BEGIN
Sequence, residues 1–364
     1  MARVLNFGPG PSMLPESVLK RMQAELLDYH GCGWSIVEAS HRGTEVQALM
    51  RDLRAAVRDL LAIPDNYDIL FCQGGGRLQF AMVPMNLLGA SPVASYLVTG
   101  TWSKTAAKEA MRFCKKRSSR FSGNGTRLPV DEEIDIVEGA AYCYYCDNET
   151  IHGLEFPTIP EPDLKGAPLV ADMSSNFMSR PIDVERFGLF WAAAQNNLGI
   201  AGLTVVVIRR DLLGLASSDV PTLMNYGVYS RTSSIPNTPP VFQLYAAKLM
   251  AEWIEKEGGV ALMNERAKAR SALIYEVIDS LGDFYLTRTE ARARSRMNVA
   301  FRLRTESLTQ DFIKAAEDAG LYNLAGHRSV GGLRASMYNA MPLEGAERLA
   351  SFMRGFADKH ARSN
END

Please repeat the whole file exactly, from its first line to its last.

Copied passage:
Sequence, residues 1–364
     1  MARVLNFGPG PSMLPESVLK RMQAELLDYH GCGWSIVEAS HRGTEVQALM
    51  RDLRAAVRDL LAIPDNYDIL FCQGGGRLQF AMVPMNLLGA SPVASYLVTG
   101  TWSKTAAKEA MRFCKKRSSR FSGNGTRLPV DEEIDIVEGA AYCYYCDNET
   151  IHGLEFPTIP EPDLKGAPLV ADMSSNFMSR PIDVERFGLF WAAAQNNLGI
   201  AGLTVVVIRR DLLGLASSDV PTLMNYGVYS RTSSIPNTPP VFQLYAAKLM
   251  AEWIEKEGGV ALMNERAKAR SALIYEVIDS LGDFYLTRTE ARARSRMNVA
   301  FRLRTESLTQ DFIKAAEDAG LYNLAGHRSV GGLRASMYNA MPLEGAERLA
   351  SFMRGFADKH ARSN